We have copies of an anguished prayer from about 600 B.C. In it, the writer cries out, “How long, LORD, must I call for help but you do not listen? Or cry out to you, “Violence!” but you do not save?” (Habakkuk 1:2 NIV)

I appreciate Habakkuk’s honesty. I recognize his longing for justice. It is good to have a tender, compassionate heart, but it can be painful. If we are not careful we can become overwhelmed. Then instead of spreading faith and hope, we become bearers of despair.

This prophet was honest and he stayed connected with God until he had an answer. What an amazing answer it was . . . though God clearly said such a big answer would take time to be fulfilled. Habakkuk had to look ahead. God said, “For the revelation awaits an appointed time: it speaks of the end and will not prove false. Though it linger, wait for it: it will certainly come. It will not delay.” (Hab. 2:3)

God warned him that in human eyes it might feel stalled, but it was unstoppable—nothing could even slow it down. Habakkuk’s task was to believe, to wait on God and to carry the message to others. (Hab. 2:2-4)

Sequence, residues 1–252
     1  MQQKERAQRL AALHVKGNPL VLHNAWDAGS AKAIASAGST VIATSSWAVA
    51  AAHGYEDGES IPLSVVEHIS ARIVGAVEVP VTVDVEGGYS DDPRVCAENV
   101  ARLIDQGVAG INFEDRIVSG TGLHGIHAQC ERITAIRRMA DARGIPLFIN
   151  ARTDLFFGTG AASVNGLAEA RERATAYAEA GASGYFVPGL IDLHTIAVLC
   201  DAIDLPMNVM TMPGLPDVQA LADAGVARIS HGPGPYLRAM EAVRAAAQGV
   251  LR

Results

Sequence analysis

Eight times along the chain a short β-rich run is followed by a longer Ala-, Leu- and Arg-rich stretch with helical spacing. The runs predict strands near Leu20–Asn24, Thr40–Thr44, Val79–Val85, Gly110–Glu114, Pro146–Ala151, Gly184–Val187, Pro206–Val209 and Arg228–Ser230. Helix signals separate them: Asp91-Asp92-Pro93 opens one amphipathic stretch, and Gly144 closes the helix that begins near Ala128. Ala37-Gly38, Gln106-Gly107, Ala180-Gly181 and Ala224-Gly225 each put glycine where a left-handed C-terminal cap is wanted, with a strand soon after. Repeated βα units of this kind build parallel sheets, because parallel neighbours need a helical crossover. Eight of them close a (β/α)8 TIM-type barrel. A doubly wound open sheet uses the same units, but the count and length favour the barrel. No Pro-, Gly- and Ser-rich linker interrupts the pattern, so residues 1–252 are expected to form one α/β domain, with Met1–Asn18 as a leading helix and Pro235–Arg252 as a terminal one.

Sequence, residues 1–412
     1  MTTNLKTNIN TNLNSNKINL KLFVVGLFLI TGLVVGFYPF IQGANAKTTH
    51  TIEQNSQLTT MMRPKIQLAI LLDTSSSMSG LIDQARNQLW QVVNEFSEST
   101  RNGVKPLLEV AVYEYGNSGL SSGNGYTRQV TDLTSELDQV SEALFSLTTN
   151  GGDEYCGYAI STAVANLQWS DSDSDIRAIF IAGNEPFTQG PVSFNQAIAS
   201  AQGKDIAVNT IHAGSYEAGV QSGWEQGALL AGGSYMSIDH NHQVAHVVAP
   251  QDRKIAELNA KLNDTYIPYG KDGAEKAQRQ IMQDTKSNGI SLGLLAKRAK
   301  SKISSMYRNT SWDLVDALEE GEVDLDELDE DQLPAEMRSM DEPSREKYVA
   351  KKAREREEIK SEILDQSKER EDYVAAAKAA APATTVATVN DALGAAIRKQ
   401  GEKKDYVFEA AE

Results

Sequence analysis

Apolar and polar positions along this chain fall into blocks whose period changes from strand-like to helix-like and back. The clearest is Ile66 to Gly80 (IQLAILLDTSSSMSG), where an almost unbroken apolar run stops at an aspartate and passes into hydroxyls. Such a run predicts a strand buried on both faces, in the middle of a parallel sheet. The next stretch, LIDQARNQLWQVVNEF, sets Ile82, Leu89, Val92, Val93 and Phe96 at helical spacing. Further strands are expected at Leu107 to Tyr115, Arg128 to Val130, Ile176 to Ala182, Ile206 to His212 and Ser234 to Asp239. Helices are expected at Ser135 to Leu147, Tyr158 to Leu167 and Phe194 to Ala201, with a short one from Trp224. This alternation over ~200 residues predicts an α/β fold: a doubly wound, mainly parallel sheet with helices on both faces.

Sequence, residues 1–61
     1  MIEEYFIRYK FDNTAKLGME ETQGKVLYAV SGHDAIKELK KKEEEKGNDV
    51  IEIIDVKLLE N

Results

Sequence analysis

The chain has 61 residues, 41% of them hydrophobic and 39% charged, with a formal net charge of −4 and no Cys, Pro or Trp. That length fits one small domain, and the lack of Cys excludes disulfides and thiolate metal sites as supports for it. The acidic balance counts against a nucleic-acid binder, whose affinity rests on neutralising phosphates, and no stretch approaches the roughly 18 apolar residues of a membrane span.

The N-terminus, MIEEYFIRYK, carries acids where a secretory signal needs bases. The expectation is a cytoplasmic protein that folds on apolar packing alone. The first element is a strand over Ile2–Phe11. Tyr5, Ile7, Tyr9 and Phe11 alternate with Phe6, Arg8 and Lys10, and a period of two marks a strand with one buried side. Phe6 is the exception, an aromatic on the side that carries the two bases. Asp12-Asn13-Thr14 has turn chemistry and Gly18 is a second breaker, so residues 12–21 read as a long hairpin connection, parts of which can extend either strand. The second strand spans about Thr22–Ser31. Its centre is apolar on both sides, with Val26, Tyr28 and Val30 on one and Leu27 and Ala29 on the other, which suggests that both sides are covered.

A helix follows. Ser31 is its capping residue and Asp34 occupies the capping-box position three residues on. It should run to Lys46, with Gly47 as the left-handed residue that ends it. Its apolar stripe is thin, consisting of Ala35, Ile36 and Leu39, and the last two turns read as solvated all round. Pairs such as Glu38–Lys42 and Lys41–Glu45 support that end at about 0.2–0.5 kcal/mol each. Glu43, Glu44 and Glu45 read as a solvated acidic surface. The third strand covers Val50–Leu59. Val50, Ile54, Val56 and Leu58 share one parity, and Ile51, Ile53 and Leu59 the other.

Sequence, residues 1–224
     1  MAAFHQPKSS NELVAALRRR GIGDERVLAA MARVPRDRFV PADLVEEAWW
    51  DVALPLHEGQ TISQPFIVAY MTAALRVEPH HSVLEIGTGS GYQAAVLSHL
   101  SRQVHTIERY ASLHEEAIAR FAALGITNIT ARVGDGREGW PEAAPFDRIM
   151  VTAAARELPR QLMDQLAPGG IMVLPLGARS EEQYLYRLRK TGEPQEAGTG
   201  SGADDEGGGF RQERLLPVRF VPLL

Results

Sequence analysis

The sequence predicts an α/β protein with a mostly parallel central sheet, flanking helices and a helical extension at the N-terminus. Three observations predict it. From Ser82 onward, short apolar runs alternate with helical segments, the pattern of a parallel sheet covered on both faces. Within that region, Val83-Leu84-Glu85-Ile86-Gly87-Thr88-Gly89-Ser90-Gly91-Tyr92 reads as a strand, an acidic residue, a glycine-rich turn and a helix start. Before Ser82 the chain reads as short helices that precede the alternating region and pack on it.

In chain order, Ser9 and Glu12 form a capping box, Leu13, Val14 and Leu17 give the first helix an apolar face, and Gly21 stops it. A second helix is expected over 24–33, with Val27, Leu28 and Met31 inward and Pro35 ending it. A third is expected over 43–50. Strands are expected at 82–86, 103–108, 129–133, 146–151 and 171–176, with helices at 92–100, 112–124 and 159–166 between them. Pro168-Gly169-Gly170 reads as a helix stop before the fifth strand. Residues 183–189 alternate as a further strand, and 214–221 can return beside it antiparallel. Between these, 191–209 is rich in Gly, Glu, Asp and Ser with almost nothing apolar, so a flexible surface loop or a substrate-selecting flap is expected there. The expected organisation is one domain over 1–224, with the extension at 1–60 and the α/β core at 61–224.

In fact, God said the fulfillment had started already. Habakkuk had to look further out: “Look at the nations and watch—and be utterly amazed. For I am going to do something in your days that you would not believe, even if you were told.” (Hab. 1:5)

God is good. He cares. He responds. He is working in multiple ways and in multiple places to build a comprehensive answer. But moving humans and circumstances on that scale requires time.

We choose what we focus on. Are we looking for the great things God is doing even now? We may go in to prayer wringing our hands . . . but may our goal be to leave with a fresh vision from God so we walk convinced of His good intervention in our world. We trust His goodness and we are filled with hope.